It’s a festival like no other in terms of its reputation for launching Oscar winners.
Birdman, Black Swan, Joker, The Shape of Water, Gravity, La La Land – the stars of these films launched their quest for the Academy Awards by shimmering on the red carpet at Venice in the late summer heat.
This year though, Venice is a festival like no other simply in terms of choosing to go ahead as a physical event after a summer where some of its main rivals, top-tier festivals such as Cannes and Telluride, had to be cancelled.
But there’ll be no screaming fans allowed near the red carpet, no queues for the best film tickets, as booking is online only, while temperature checks and masks will be enforced in half-full theatres.
But there will be stars.
British actress Tilda Swinton and American actor Matt Dillon are amongst a handful of high-profile names that are expected to walk a (socially distanced) red carpet.
Is it the return of the film festival, or the ghost of the old film festival?
The content of the article:
“It’s certainly making us ask what the purpose of these kinds of events is,” says Jason Solomons, a BBC Radio presenter and host of film podcast Seen Anything Good Lately? “Can we glamour our way out of COVID-19, or does asking questions of stars dressed in designer clothes seem a little tasteless these days?
“Perhaps Venice thinks that the magic of the movies will brush the cobwebs away, but the trouble is, you need a magical movie to do that. Movies about Hungarian truck drivers, for example, just aren’t going to cut it,” Solomans adds.
Last year Venice awarded its top Golden Lion prize to Todd Philips and Joaquin Phoenix for Joker, which competed alongside the other North American big hitters — Marriage Story by Noah Baumbach, space blockbuster Ad Astra starring Brad Pitt, and The Laundromat directed by Steven Soderbergh and starring Meryl Streep, which was a satirical look at the Panama Papers scandal.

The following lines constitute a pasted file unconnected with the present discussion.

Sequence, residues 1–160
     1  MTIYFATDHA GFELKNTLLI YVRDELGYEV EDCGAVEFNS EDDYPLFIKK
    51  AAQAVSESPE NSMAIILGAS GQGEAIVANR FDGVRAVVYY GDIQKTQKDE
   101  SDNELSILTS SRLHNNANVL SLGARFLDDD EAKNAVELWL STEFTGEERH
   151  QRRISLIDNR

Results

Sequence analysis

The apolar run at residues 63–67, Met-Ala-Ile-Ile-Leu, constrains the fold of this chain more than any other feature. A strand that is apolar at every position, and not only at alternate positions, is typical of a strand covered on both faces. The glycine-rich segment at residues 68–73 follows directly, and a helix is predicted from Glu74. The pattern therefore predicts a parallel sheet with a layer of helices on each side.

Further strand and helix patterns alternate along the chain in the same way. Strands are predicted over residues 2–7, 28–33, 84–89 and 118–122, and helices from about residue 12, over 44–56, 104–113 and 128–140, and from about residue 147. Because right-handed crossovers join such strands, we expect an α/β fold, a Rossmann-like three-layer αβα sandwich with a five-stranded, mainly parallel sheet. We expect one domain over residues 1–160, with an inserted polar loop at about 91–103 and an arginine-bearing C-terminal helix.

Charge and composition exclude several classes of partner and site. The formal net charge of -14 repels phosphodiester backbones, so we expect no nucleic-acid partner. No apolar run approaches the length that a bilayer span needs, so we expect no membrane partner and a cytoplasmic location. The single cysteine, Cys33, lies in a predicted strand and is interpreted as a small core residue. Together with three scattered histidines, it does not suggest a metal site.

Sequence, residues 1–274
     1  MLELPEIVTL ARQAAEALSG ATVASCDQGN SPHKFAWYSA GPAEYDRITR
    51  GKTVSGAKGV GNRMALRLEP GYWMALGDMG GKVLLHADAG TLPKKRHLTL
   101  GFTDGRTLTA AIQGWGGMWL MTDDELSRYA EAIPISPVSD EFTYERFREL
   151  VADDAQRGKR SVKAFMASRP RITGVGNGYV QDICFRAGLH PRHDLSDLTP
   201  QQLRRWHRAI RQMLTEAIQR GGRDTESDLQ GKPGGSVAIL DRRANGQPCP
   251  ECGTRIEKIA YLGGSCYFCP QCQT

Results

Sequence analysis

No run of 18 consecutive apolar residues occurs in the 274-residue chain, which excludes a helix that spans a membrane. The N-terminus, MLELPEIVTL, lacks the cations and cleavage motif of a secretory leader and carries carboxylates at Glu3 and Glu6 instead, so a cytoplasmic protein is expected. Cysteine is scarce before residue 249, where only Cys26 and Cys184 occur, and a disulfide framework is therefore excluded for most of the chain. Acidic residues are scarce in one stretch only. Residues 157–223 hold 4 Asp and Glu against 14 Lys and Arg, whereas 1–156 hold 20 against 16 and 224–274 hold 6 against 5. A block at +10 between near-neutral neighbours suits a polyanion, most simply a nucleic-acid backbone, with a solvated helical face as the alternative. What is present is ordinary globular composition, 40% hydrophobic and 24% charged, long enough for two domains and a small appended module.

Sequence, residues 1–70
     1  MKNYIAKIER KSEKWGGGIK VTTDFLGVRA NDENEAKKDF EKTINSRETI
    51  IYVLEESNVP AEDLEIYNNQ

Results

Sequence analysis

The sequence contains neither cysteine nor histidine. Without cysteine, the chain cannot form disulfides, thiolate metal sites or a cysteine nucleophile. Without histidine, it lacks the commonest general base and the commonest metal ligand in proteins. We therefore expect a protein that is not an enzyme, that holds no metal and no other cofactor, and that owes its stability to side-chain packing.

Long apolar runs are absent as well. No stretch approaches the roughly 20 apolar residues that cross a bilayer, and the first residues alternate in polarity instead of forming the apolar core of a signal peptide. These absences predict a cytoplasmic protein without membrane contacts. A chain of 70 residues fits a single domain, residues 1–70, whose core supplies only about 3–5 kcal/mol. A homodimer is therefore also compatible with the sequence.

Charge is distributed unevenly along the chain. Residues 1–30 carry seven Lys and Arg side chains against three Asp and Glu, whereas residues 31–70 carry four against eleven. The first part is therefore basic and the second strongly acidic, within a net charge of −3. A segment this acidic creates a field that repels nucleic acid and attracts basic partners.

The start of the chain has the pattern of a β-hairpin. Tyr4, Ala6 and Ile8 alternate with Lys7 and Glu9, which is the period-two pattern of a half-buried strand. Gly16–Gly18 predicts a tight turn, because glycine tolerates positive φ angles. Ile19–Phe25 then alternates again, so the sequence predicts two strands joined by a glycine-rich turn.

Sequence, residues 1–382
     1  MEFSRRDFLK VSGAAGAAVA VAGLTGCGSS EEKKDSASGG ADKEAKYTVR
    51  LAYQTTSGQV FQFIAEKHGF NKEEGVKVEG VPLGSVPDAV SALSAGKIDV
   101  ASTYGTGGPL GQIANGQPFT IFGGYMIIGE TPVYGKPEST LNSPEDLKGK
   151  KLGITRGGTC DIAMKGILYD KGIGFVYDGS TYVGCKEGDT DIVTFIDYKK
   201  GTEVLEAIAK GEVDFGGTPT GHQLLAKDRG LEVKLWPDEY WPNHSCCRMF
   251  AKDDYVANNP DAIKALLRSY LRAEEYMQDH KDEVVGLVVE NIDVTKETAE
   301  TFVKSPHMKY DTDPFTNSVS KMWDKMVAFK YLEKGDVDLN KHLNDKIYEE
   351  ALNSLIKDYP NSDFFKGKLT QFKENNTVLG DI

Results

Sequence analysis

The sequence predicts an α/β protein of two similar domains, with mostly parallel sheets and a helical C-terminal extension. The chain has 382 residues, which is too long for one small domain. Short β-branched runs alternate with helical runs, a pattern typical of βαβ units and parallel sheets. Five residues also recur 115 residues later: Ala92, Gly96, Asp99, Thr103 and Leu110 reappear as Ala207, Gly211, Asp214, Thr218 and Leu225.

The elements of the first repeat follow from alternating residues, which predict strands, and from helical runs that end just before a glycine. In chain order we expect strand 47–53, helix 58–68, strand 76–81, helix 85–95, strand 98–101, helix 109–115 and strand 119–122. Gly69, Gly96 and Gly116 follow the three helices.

This year there are two North American films in competition — Nomadland, based on Jessica Bruder’s novel about older Americans travelling the country for work, which is directed by Chloe Zhao and starring Frances McDormand; and New Yorker Mona Fastvold’s The World to Come, with Casey Affleck starring in a drama about 19th-century life on the American frontier. Unsurprisingly, none of the North American cast will be coming to Venice.
Still from ‘The World to Come’Sony Pictures Worldwide Acquisitions
The festival is actually opening with an Italian film for the first time in a decade. Lacci, a family drama by veteran director Daniele Lucchetti. While the number of purely European productions remains unchanged in competition this year – as in 2019, about half of them were financed on this continent – does this mean there’s a greater opportunity to grab headlines?
“Certainly, with fewer of the big American films and stars heading to Venice, more attention will be paid to the European films. But in what way?” questions Wendy Mitchell, Contributing Editor to trade daily Screen International.
“The critics on the ground in Venice always pay attention to these movies. But a Lithuanian arthouse film can’t replace the pictures of George Clooney in a boat headed to the Venice Lido on the front pages of a global newspaper. The kinds of big distribution deals that can happen with those Oscar films launched in Venice won’t necessarily trickle down to smaller European films,” Mitchell maintains.
Nevertheless, first-time directors such as Portuguese-born Londoner Ana Rocha de Sousa are just grateful that the festival is going ahead. She’s presenting her first feature film, ‘Listen’, in the Orrizonti section of the festival, its main sidebar competition.
Still from Listen by Ana Rocha de SousaOrrizonti
It’s the story of two Portuguese parents in London battling British social services to keep their family together, and the director says the festival exposure is vital.
“It’s such an honour to have the opportunity to share the film with the world, not only considering it’s my debut, but because of these difficult times we’re facing in 2020,” she tells Euronews.
“I admire the courage it takes to keep a festival like Venice up during pandemic times like this. I consider it a very brave decision and as a filmmaker I am really grateful for it. We must fight COVID-19 with responsibility, but we also must keep living, as long as we are consciously respecting the rules.”
Women in film
De Sousa, who shot Listen with a largely female film crew, also seems to be part of another substantial difference to Venice this year – its much-increased female directing presence.
Possibly stung by criticism that only two women featured in the main competition last year, in 2020 it has eight female directors, and the jury is headed by actress Cate Blanchett.
Of course, at this point, no one knows whether Venice will be a success, but success is probably defined in terms of getting to the end of the festival without negative headlines that it has helped increase Italy’s COVID-19 figures. Its greatest fear – and those of all film festivals hoping to follow in its footsteps and hold an event – must be that it ends up being proclaimed the epicentre of a new outbreak.